One thing everyone who comments on these articles seems to agree on is that our world is not one of equal opportunity for all. Feminists argue that women are still lacking rights (even though they’re not), and gender egalitarians like myself argue that ignoring half of humanity when discussing gender issues will never lead to any solutions. Whichever side of the debate you fall on, here are six things we could do right now to create a more fair and just world for everyone.
1. Equal parenting time
This seems like a no-brainer Gloria Steinem once famously said that “women will never be equal outside the home until men are equal inside it,” and this makes sense to me. It used to make sense to feminists, once upon a time, too. Now? Not so much.
The primary opposition to the legal presumption of shared parenting comes from the nation’s largest feminist organization, the National Organization for Women (NOW). According to NOW, the only reason fathers wish to maintain meaningful relationships with their children after divorce is because they are too cheap to pay child support. If fathers are equally responsible for children following a marriage or relationship breakdown, and spend an equal amount of time and money on those children to maintain a home the children live in, it stands to reason that child support would indeed be reduced, and children would have an equal amount of time with both parents. NOW completely discredits the value of children having ongoing relationships with both their parents and zeroes in on what matters most to feminists: it’s not the well-being of children but rather the woman’s access to the man’s resources even when the relationship is over.
Feminists literally oppose equality because they want the money. How very noble.
2. Equal healthcare funding
In 2000, the United Nations created their Millennium Development Goals with the stated purpose of improving the lives of poor people around the world. Without exception, however, all of the goals focused on the health and well-being of women, despite the fact that women outlive men in virtually every country on Earth. Sarah Hawkes from the University of London’s Global Institute of Health noted, “If you look at the top 10 health problems around the world, they are much more common in men. But the current focus is predominantly on women’s health.” In the US, mortality rates for prostate and breast cancer are approximately equal, yet breast cancer gets nearly twice the funding that prostate cancer does. There are even examples of men being denied breast cancer treatment because they are not women, which is patently absurd.
The reality is that healthcare funding dollars are finite, and an equitable distribution of resources means that some money will have to come out of breast cancer research and be redistributed to prostate cancer research for gender equality to be achieved. And how do feminists respond? The Feminist Majority Foundation exhorts women to “work together to secure our fair share of research dollars,” apparently oblivious to the fact that breast cancer is already funded at double the rate of prostate cancer. Once again, feminists are not interested in equality or fairness or the health of men. They are interested in money, and double the funds still isn’t fair.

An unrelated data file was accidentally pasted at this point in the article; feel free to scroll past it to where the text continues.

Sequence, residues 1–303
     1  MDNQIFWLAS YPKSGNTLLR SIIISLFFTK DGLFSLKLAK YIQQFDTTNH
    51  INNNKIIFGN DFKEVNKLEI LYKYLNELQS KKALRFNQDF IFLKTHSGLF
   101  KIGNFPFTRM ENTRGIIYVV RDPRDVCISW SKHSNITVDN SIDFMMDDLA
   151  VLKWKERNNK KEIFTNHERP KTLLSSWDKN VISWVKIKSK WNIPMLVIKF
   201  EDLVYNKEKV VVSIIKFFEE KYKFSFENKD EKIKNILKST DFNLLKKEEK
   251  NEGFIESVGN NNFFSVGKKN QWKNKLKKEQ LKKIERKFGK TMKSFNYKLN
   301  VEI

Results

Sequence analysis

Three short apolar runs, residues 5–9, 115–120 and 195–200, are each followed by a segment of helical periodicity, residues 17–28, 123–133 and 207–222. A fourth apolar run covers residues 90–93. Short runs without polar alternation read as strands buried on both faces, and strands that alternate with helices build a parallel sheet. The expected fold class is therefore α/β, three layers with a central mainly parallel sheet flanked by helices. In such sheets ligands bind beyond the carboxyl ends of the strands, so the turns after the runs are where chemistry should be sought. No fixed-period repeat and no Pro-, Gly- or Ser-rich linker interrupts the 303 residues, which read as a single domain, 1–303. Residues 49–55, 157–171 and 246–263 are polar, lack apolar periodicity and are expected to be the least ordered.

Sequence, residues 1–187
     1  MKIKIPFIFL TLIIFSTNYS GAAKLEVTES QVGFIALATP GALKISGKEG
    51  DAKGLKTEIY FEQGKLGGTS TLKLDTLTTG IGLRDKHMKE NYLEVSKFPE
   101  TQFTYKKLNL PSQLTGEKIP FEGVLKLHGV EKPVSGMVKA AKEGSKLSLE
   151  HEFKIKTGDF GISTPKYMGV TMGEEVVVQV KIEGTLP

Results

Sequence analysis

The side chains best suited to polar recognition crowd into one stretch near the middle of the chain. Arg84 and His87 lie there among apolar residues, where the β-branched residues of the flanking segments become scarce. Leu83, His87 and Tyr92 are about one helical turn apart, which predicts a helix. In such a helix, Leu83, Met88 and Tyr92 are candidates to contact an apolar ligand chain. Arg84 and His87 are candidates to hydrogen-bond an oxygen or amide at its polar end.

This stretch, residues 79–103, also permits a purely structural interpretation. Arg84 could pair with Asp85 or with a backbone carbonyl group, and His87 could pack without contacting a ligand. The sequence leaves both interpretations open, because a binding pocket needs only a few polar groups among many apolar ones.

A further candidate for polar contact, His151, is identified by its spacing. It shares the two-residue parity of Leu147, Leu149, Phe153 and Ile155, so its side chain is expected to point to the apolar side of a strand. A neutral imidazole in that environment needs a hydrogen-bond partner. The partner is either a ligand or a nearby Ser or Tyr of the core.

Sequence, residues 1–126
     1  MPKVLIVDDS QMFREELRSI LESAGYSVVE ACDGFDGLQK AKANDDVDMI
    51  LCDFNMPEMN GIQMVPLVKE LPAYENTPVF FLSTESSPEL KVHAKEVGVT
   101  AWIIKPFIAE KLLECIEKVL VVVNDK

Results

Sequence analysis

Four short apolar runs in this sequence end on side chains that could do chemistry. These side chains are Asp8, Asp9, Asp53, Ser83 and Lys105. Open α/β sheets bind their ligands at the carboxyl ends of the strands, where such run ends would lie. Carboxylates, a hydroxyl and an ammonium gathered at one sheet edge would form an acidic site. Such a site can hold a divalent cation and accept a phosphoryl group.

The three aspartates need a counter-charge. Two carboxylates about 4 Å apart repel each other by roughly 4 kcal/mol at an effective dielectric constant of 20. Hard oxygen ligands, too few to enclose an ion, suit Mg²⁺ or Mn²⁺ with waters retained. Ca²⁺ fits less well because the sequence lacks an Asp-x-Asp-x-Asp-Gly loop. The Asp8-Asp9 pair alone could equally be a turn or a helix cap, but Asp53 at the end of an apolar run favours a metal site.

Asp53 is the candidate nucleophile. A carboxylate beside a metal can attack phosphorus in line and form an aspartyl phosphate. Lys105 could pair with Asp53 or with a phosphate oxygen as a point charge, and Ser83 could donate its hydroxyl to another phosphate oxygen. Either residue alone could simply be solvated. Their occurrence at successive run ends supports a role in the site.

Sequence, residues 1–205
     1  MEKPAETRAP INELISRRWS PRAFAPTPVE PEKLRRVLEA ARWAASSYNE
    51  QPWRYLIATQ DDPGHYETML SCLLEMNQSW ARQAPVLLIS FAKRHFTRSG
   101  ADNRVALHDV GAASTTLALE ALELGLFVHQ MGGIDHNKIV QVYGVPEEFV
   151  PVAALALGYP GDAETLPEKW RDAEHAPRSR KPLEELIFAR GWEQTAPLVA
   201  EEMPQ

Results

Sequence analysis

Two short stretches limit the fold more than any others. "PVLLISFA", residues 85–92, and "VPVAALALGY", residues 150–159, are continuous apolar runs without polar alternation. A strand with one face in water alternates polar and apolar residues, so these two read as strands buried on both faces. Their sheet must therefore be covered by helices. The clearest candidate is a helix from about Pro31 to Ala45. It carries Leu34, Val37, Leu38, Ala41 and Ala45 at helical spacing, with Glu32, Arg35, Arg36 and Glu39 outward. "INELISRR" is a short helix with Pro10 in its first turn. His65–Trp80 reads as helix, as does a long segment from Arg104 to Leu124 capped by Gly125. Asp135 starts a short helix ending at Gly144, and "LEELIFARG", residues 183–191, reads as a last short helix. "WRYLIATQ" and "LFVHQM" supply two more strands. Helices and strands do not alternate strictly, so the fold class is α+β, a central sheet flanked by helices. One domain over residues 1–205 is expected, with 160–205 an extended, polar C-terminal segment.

3. Equal responsibility under the law
One of the most important ways we can achieve gender equality is to treat men and women equally under the law. This means that women must either be stripped of the legal rights they currently have that men do not or men should be awarded the same rights as women. Selective service laws must either be expanded to include women or repealed. Reproductive rights as detailed by the United Nations must be extended to men, which includes the right to be free from coerced parenthood. Infant boys must be protected from genital mutilation just as infant girls are. These changes are not only powerfully symbolic and a testament to our social commitment to equality, but some will also have an immediate and profound impact on the well-being of men and children.
Reproductive justice, for example, would afford men the same legal standard that women enjoy: consent to sex is not consent to parenthood, and the vast majority of children would thus be born to two people who genuinely want to care for them and provide them with love and stability. Freeing men from coerced parenthood allows them to plan their lives with all the freedom women have to plan theirs vis-à-vis family. Who are the main opponents of reproductive rights for men? Once again, we see feminists from Amanda Marcotte to Jezebel writer Meher Ahmad sneering at equality under the law, and they both give the same reason: men are simply trying to avoid giving women money.
The well-being of children does not enter the debate about equal reproductive rights, and the well-being of men seems far beyond anything feminists would even think to consider. The feminist position against reproductive rights for men comes back to money. Men should pay for women’s choices. Fairness and equality do not matter.
4. Equal representation in schools